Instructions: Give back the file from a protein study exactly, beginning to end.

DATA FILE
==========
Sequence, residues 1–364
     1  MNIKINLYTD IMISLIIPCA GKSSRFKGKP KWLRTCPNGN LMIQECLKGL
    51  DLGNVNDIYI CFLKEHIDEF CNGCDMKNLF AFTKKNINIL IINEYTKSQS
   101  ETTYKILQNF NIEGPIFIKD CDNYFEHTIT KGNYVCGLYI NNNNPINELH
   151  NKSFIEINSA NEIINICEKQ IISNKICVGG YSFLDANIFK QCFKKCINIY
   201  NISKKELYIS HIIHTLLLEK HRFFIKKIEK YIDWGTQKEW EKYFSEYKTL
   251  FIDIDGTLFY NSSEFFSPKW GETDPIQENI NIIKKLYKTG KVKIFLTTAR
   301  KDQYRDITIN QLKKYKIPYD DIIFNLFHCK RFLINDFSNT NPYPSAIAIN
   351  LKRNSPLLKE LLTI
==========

Sequence, residues 1–364
     1  MNIKINLYTD IMISLIIPCA GKSSRFKGKP KWLRTCPNGN LMIQECLKGL
    51  DLGNVNDIYI CFLKEHIDEF CNGCDMKNLF AFTKKNINIL IINEYTKSQS
   101  ETTYKILQNF NIEGPIFIKD CDNYFEHTIT KGNYVCGLYI NNNNPINELH
   151  NKSFIEINSA NEIINICEKQ IISNKICVGG YSFLDANIFK QCFKKCINIY
   201  NISKKELYIS HIIHTLLLEK HRFFIKKIEK YIDWGTQKEW EKYFSEYKTL
   251  FIDIDGTLFY NSSEFFSPKW GETDPIQENI NIIKKLYKTG KVKIFLTTAR
   301  KDQYRDITIN QLKKYKIPYD DIIFNLFHCK RFLINDFSNT NPYPSAIAIN
   351  LKRNSPLLKE LLTI